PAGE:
These findings demonstrate that coping strategies are not exclusive of one another, but rather, work in concert to alleviate or exacerbate stress. For example, people who are less stressed after venting about an issue may be able to think more clearly about how to resolve, or solve, the problem that causes the stress. In the same way, focusing on the solution may lessen the perceived threat attached to the stressor, and allow for more emotional coping. Eisenbarth also noticed that help-seeking was very beneficial when it was used in moderation and when other adaptive techniques were being employed. Eisenbarth hopes that this research can be used to enhance interventions designed to reduce maladaptive coping strategies such as avoidance, and that these results will help inform clinicians that a combination of positive coping methods may be a viable option for clients struggling with psychological distress.

Eisenbarth, Chris. Coping profiles and psychological distress: A cluster analysis. North American Journal of Psychology 14.3 (2012): 485-96. Print.

© Copyright 2013 All rights reserved.

The preceding article was solely written by the author named above. Any views and opinions expressed are not necessarily shared by Questions or concerns about the preceding article can be directed to the author or posted as a comment below.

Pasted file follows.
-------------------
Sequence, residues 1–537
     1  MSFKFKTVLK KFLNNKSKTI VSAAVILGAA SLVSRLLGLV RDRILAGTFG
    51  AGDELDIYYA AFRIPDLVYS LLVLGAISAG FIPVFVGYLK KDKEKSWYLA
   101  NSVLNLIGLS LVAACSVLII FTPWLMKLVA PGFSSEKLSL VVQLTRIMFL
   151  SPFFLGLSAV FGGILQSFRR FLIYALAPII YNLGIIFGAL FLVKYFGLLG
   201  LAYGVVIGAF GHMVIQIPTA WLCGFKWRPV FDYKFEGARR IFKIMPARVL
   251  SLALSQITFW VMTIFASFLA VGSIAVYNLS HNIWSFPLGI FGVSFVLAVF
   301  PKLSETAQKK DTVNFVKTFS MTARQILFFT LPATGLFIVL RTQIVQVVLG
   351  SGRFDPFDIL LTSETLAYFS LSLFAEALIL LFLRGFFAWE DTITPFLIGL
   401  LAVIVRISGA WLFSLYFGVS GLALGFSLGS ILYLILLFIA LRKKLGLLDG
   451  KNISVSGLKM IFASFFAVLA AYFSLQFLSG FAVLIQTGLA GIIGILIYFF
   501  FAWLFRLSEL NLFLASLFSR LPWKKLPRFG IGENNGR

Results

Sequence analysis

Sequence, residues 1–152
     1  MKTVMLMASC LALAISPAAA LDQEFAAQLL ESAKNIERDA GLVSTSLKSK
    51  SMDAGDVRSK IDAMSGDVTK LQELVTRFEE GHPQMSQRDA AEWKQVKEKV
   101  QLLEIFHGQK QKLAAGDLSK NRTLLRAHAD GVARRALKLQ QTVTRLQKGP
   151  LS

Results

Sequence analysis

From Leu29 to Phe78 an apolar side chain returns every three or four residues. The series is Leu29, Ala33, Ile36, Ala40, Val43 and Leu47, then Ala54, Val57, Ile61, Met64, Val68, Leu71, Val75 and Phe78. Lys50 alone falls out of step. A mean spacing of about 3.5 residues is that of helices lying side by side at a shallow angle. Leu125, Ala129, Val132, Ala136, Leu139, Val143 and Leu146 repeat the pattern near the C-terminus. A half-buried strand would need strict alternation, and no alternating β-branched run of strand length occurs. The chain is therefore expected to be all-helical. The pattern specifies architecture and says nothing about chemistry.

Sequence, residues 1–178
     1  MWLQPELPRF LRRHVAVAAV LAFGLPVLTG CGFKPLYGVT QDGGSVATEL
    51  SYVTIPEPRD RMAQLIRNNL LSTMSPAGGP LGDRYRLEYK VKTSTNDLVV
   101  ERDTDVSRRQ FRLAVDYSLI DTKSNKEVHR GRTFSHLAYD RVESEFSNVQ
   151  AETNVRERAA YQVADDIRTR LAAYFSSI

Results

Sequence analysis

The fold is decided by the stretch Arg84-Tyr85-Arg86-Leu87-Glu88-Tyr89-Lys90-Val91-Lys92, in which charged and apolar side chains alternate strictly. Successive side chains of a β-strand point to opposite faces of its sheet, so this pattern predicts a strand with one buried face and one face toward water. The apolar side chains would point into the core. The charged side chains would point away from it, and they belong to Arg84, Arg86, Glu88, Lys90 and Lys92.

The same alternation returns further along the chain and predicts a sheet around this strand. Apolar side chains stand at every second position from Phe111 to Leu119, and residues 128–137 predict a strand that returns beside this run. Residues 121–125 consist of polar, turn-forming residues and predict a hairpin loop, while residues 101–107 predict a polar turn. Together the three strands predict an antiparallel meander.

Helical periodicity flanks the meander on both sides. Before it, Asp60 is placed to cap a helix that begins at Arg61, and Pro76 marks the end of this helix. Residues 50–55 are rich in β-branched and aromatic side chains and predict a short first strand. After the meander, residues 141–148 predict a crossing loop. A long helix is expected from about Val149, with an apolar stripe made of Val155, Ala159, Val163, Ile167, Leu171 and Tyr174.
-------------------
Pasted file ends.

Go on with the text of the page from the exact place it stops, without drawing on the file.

• Leave a Comment
  • susie


    January 7th, 2013 at 3:21 PM

    Ahhh but the question then becomes how to get someone who as always used avoidance as a means for coping to turn it around and develop the skill set to use more positive adaptive and coping skills. How do you turn all of this around for them when for some this is the only method of coping with stress and pain that they have ever known? You know that it will take a while to change someone from always burying their heads in the sand into someone ready to face real life and reality for a change. Yes, we know that would be good for them and deep down they probably recognize this too, but that wil take a whole lot of work to change the habits like that which have been formed over so much time.